Risks of Poor Pet Dental Care
When your pet has poor dental hygiene, they are at a significant risk of both dental and wider health problems. These include the following:
Unlike humans, decay isn’t the most common problem facing pets with poor oral hygiene. In fact, it represents less than 10% of all dental problems. Nevertheless, it can happen and if it does, it can be painful and debilitating for your pet. It can also cause them to lose their tooth which can affect the way that they use their teeth and mouth.
Periodontal disease, aka gum disease, is the biggest problem facing our pets. By the age of 3, research suggests that 70% of cats and 80% of dogs will have some form of periodontal disease. This inflammatory condition occurs when plaque that has formed on your pet’s teeth as a result of poor brushing spreads onto the gum tissue, inciting an autoimmune response from your pet’s body to deal with it. This kills the bacteria but also causes the destruction of other tissues including gum and bone. Infection in the tissues ensues, causing pain whilst the gums continue to pull away from the teeth, exposing the roots, periodontal ligaments, and bone. When these structures are affected, the teeth can become loose and fall out. Some of the consequences for your pet, aside from serious pain, include bad breath, bleeding gums, excessive drooling and dropping food.
Wider health problems
Unfortunately, moderate to severe periodontal disease has been linked to the development of wider health problems in animals too. This is because the inflammatory response can enable bacteria to enter the bloodstream and pass around your pet’s body to other organs and systems. The heart and liver have been shown to be especially likely to develop inflammation as a result of dental disease, with evidence suggesting that wider health conditions such as high blood pressure, heart disease, complications relating to diabetes and more. Taking proper care of your pet’s teeth can help protect their long-term health and wellbeing as well as their teeth.
How to Support Your Pet’s Dental Care
Fortunately, there are a number of different things that you can do to help ensure that your pet’s teeth and mouth are as healthy as possible. These include the following.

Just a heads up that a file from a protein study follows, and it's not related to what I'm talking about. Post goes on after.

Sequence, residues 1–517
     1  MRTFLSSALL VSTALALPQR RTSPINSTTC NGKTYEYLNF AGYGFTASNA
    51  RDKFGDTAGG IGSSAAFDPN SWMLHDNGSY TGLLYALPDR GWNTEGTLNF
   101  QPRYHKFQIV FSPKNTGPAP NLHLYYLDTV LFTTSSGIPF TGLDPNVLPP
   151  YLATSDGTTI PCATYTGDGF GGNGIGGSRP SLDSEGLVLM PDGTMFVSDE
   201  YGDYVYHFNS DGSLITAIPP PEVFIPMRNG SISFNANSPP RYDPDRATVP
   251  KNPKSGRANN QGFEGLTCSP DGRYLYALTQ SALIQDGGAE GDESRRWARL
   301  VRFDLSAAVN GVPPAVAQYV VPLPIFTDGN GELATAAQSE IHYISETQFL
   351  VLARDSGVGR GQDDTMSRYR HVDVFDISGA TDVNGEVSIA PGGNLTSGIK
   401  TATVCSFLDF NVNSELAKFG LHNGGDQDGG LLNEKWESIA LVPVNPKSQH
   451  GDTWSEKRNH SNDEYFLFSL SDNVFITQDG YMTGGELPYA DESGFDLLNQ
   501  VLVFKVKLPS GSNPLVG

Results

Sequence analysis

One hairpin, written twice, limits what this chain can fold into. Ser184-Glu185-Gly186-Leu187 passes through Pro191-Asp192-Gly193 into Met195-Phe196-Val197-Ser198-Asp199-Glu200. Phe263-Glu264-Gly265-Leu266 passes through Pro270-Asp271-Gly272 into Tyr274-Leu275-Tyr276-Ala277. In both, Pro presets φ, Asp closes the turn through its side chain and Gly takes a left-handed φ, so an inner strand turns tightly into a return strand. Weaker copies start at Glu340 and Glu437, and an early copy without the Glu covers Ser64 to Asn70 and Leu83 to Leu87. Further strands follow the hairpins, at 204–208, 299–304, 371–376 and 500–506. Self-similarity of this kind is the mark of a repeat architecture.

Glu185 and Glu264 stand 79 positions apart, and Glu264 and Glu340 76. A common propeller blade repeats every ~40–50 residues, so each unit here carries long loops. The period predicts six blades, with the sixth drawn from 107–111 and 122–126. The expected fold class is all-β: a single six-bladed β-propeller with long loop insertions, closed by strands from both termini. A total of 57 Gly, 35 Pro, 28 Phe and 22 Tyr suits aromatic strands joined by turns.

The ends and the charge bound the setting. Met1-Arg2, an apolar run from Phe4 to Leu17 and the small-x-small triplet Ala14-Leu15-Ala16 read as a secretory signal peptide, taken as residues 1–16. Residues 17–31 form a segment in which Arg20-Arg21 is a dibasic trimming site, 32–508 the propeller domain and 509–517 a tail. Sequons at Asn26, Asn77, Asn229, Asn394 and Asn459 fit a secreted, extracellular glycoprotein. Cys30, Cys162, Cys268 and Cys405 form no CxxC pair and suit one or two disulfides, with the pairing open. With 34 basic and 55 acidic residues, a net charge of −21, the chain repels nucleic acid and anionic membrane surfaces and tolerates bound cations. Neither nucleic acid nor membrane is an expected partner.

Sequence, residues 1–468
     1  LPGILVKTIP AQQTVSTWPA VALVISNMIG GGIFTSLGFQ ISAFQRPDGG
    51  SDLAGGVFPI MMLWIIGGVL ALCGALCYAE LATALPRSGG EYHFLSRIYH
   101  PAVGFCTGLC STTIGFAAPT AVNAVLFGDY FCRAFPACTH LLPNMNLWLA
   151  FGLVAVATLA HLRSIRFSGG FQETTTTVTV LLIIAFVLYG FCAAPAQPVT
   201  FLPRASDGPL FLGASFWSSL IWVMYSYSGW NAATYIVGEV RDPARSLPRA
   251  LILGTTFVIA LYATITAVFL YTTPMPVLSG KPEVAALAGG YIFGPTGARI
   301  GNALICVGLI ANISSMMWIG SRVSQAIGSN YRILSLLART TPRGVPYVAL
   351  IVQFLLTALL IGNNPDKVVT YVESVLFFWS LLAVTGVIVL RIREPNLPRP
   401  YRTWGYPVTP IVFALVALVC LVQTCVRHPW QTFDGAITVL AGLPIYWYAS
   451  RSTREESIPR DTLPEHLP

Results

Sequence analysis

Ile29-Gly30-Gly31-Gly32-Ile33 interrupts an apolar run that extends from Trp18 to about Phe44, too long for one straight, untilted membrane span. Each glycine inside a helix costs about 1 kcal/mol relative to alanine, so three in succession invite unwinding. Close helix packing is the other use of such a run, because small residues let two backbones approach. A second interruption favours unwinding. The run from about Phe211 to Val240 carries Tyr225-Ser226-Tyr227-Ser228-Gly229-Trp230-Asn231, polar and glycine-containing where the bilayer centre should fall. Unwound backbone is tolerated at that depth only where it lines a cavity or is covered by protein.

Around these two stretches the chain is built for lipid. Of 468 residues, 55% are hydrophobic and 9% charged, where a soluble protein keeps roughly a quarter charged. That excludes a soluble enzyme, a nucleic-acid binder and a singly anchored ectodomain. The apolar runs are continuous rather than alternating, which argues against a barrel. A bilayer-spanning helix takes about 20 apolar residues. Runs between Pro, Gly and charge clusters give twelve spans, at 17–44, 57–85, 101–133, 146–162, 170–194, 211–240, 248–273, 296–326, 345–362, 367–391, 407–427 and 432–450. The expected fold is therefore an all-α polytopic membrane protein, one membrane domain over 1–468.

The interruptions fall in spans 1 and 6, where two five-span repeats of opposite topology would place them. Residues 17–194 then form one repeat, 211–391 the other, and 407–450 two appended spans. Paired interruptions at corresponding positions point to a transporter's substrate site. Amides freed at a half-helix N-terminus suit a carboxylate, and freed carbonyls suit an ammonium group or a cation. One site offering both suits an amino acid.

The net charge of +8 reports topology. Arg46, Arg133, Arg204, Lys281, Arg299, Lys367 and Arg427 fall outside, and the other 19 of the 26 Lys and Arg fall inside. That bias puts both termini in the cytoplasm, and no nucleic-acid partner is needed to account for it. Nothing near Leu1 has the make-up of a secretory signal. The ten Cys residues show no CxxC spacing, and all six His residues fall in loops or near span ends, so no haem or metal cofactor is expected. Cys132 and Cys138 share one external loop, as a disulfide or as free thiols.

Brush their teeth at home
Before you panic – it’s not as hard as it sounds. Brushing your pet’s teeth remains the best way to remove bacteria and food debris and prevent problems like decay and periodontal disease. You can use a human or pet toothbrush, or even a section of cloth, but be sure to only use veterinary-approved toothpaste since human varieties are toxic to animals. Your vet will be happy to show you the best techniques to thoroughly clean your pet’s teeth.
Give them dental chews and chew toys
Chewing is one of the best ways to support your pet’s dental health. The action, plus the naturally-abrasive texture of chews and chew toys, acts like brushing and removes bacteria, food particles and even plaque that may have formed on the teeth. It also stimulates saliva production, which helps to wash away nasties from their teeth.
Visit your vet for dental check-ups
Dental check-ups aren't just for humans. Many vets also offer dental services for pets, including regular evaluations of the health and condition of their teeth as well as any treatment that may be required. Take your pet to see your vet for a dental check-up at least once every 12 months. This will also enable any developing problems to be spotted early and before they have a chance to cause permanent damage to your dog’s teeth.
For more information about the risks of poor pet dental care, or for further advice on the best way to take care of your pet’s teeth, please contact our veterinary team in Roanoke, VA who will be delighted to help.